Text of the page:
Almost half a million young people between the ages of 16 and 24 have registered to vote online ahead of the 2015 general election, according to a recent announcement from the Electoral Commission, the body which administers voter registration on behalf of the government. However, with the deadline for registering to vote now passed, the Electoral Commission believes there could still be as many as 7.5 million people who are eligible to vote but haven’t done so, meaning they won’t have a chance to influence the outcome of the general election.
Young people registering
These statistics from the Electoral Commission are a mixed blessing. On the one hand, the fact that such a large number of young people are registering to vote shows that the various campaigns which have encouraged them to do so, such as Bite the Ballot and Voting Counts, have proved successful. It appears that the televised leaders’ debates also played a role, as the biggest surge in the number of applications happened after the end of the opposition leaders’ debate on 16 April.
However, the bigger story behind these figures is that 7.5 million eligible voters are still unregistered, among whom young people are likely to be disproportionately represented.
Under the new system of individual voter registration, which has been brought in for the 2015 general election, most people have to register themselves individually, as opposed to the previous system where one member of a household could register everyone who lived there. This disproportionately affects young people, as they are likely to move house more often (because they are more likely to be private renters), and some end up not being registered at either their home or term-time address if they are at university. Concerns were aired earlier this year that this change to the system may have removed nearly a million people who were previously registered and would have to re-register, and it was estimated several months ago that as many as 800,000 young people were still missing.
Although the number who have newly registered in the run-up to the 2015 general election represent progress, there is clearly still a huge number of young people who are currently disenfranchised.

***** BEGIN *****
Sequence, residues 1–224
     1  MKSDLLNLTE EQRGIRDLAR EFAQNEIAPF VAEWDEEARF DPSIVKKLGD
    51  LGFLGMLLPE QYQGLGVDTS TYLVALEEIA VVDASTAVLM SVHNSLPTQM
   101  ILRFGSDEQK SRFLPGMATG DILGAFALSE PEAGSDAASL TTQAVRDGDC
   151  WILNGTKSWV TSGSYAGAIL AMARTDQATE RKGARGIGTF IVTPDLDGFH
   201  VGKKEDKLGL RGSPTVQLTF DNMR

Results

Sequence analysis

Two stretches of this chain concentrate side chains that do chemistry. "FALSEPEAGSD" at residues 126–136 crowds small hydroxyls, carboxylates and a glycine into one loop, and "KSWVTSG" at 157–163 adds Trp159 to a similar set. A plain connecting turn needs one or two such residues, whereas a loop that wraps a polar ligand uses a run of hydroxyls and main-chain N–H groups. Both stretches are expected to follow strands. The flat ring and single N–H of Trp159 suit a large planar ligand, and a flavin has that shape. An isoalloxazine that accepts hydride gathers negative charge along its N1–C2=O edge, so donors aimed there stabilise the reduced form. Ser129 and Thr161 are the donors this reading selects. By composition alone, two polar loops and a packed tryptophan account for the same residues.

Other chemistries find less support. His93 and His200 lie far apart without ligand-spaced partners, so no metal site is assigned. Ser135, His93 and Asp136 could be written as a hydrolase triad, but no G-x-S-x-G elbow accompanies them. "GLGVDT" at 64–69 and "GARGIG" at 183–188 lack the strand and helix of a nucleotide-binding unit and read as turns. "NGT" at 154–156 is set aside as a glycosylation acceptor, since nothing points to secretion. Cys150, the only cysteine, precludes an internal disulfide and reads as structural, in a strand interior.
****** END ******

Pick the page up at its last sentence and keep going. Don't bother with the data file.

Could young people have an impact?
This is important for several reasons. First and foremost, in a democracy it is very difficult for people to get their voices heard if they don’t vote. Levels of voter registration are much higher among older sections of the electorate – partly because they are more likely than young people to have an address which is permanently settled – so it is no coincidence that politicians often seem to pay more attention to their needs.
Secondly, data analysed by IF show that there are many marginal seats where a very small increase in turnout by younger voters could swing the outcome. IF’s study found that there were 41 parliamentary constituencies at the 2010 general election where an increase in turnout of less than 5% by voters aged 18–34 could have been all it would take to have changed the result. Although it is now too late for young voters to register in time for the 2015 general election, the fact that the result is likely to be even closer this time suggests that young people could have even more of an influence if they register to vote and turn out.
The fact that so many young people have registered to vote ahead of this election is clearly a sign of progress. However, much more still needs to be done in future to ensure that young people get the chance to exercise their democratic rights by voting.